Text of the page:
Send anyone this way to read along, but for permission to reprint, please contact Gail.
© Gail Underwood Parker

Sunday, February 27, 2011

Caring Heart: Spitting

Sometimes children become so angry and just can't vent with words.  Many hit, swear, kick, yell, or pound walls.  Some spit. This is for those of you who have lived with one who spits. 


He spit on me again today.  What is it about spitting that is so demeaning?  I've been drooled on, bled on, and thrown up on more times in my years parenting than I can count.  Yet, deliberate spitting still pushes a button on my that is very different.  It is a visceral button, resulting in disgust that is almost primal in feeling.  Thank You for helping me hold my temper when that happens.  For helping me stay outwardly calm, hiding the revulsion I felt.  After all, it is just wetness, not all that different in content than the baby drool of long ago.  But it is the deliberateness, the intent that infuriates me.  Help ease my anger, help build my patience.  Help open my eyes to the feelings tumbling inside him that led to his impulse.  Help him learn to fight back without debasing, to fight back with words, not spit.  Even better, help me teach him to solve problems before he reaches a point of needing to fight back at all.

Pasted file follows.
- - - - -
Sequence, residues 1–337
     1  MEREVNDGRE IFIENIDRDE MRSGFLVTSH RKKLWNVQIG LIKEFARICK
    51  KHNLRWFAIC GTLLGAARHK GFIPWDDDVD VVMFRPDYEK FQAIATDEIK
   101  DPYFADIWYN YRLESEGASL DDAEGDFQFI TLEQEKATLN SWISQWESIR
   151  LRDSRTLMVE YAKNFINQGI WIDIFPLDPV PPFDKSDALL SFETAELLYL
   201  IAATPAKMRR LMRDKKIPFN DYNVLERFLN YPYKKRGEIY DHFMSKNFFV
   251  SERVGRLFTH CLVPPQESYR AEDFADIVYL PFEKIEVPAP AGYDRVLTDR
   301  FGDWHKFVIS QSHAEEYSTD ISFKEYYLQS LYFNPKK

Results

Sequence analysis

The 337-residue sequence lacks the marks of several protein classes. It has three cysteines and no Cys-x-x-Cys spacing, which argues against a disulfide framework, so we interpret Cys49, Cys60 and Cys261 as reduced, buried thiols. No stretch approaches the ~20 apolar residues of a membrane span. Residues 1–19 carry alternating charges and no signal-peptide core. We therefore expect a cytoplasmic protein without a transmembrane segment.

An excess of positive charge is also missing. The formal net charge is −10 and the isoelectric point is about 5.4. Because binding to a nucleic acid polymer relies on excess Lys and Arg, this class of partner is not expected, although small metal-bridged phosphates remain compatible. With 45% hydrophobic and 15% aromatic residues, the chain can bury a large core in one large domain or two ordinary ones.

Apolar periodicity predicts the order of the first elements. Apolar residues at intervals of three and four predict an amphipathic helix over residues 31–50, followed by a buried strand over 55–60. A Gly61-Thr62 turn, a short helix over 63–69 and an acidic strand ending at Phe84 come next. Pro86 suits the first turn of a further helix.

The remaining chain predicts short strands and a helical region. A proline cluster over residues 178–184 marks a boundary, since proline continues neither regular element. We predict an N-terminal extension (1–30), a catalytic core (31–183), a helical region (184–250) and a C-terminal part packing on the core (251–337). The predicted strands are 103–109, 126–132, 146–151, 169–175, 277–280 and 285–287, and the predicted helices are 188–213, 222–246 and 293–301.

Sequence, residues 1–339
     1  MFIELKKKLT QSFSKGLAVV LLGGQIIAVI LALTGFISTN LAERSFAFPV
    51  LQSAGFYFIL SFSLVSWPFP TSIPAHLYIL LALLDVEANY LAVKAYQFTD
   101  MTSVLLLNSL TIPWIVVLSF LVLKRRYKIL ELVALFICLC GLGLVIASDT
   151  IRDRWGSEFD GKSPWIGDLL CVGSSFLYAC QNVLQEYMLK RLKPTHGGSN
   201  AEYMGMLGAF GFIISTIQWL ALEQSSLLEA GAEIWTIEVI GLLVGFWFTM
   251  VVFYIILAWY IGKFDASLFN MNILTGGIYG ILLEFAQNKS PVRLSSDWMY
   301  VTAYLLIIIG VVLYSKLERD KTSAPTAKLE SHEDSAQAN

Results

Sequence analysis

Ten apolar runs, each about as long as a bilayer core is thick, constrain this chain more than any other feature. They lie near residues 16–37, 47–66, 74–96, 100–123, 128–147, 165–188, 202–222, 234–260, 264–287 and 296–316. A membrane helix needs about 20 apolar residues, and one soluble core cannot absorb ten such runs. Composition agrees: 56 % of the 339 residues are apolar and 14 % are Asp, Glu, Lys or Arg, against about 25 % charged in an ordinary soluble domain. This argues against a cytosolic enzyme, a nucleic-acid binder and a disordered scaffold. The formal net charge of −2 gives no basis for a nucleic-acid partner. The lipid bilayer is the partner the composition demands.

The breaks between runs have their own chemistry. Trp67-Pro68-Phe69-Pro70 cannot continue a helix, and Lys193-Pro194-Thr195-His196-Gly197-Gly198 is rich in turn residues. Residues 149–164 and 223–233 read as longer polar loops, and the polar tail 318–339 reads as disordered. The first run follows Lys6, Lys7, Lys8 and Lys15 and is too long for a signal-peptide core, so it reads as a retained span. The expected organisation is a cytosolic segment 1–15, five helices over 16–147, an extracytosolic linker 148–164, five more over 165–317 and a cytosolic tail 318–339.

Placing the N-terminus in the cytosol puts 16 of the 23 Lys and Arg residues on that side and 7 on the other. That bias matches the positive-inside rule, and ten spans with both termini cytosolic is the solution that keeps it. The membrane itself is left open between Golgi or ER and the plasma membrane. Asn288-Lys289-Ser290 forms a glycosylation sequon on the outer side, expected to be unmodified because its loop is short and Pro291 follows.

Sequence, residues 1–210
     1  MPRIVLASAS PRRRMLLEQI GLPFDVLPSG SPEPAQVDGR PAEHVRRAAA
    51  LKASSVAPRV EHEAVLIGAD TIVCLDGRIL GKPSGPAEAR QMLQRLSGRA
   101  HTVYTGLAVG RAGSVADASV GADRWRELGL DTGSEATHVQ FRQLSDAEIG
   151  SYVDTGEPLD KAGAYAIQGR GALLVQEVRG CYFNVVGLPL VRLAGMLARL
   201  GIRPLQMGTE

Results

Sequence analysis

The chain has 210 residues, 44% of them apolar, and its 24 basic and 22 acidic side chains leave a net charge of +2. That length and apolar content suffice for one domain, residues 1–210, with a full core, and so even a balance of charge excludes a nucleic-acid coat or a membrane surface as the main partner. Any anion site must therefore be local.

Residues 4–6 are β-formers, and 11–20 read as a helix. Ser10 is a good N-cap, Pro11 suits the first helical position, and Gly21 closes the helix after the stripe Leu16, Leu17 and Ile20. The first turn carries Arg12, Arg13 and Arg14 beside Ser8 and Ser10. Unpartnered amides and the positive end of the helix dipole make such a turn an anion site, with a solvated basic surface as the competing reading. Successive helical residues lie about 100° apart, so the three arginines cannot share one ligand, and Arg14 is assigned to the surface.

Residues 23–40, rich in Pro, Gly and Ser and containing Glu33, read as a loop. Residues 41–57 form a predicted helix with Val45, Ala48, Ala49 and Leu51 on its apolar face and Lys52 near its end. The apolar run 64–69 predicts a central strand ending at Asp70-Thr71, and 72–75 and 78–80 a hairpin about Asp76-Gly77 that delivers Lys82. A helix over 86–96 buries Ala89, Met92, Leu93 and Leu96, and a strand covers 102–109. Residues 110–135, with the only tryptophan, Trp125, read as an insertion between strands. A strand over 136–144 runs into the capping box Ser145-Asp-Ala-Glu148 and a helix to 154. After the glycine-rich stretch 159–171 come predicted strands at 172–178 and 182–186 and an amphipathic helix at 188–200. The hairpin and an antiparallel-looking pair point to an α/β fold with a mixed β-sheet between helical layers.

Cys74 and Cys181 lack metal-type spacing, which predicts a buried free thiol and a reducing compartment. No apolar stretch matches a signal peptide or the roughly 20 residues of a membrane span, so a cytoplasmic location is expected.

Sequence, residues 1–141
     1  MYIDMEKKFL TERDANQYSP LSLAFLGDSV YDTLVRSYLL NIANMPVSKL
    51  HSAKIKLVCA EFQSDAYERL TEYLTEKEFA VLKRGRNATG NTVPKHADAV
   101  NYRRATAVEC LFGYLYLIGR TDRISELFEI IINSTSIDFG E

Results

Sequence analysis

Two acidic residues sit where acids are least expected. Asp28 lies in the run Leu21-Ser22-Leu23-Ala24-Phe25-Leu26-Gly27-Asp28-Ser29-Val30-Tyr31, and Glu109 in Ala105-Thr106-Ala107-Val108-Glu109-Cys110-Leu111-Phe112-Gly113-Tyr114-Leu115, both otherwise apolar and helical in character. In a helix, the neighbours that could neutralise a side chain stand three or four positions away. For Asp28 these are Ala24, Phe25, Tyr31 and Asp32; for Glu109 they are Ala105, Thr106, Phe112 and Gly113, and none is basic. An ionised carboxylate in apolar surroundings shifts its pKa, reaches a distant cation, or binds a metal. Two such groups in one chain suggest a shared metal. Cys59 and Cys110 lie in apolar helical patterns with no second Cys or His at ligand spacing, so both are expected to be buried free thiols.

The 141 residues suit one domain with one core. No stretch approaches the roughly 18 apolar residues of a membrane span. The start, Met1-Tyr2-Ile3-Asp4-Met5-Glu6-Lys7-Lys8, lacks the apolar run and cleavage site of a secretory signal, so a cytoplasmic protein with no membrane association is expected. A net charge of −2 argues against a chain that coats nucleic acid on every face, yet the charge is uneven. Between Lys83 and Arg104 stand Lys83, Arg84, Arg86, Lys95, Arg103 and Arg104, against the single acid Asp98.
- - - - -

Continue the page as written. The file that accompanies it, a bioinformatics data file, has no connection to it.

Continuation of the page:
Excerpted from "The Caring Heart Speaks: Meditations for foster, kinship, and adoptive parents" by Gail Underwood Parker     Artwork by Anna Parker David from the book cover. 


  1. My son has spit on me before, it does feel worse than most anything else.

  2. I agree. I thinking spitting and being slapped in the face are incredibly demeaning. I don't think small children think of it that way, but I sure receive it that way! Hang in there Adrienne!
    Gail [sorry so slow responding this week]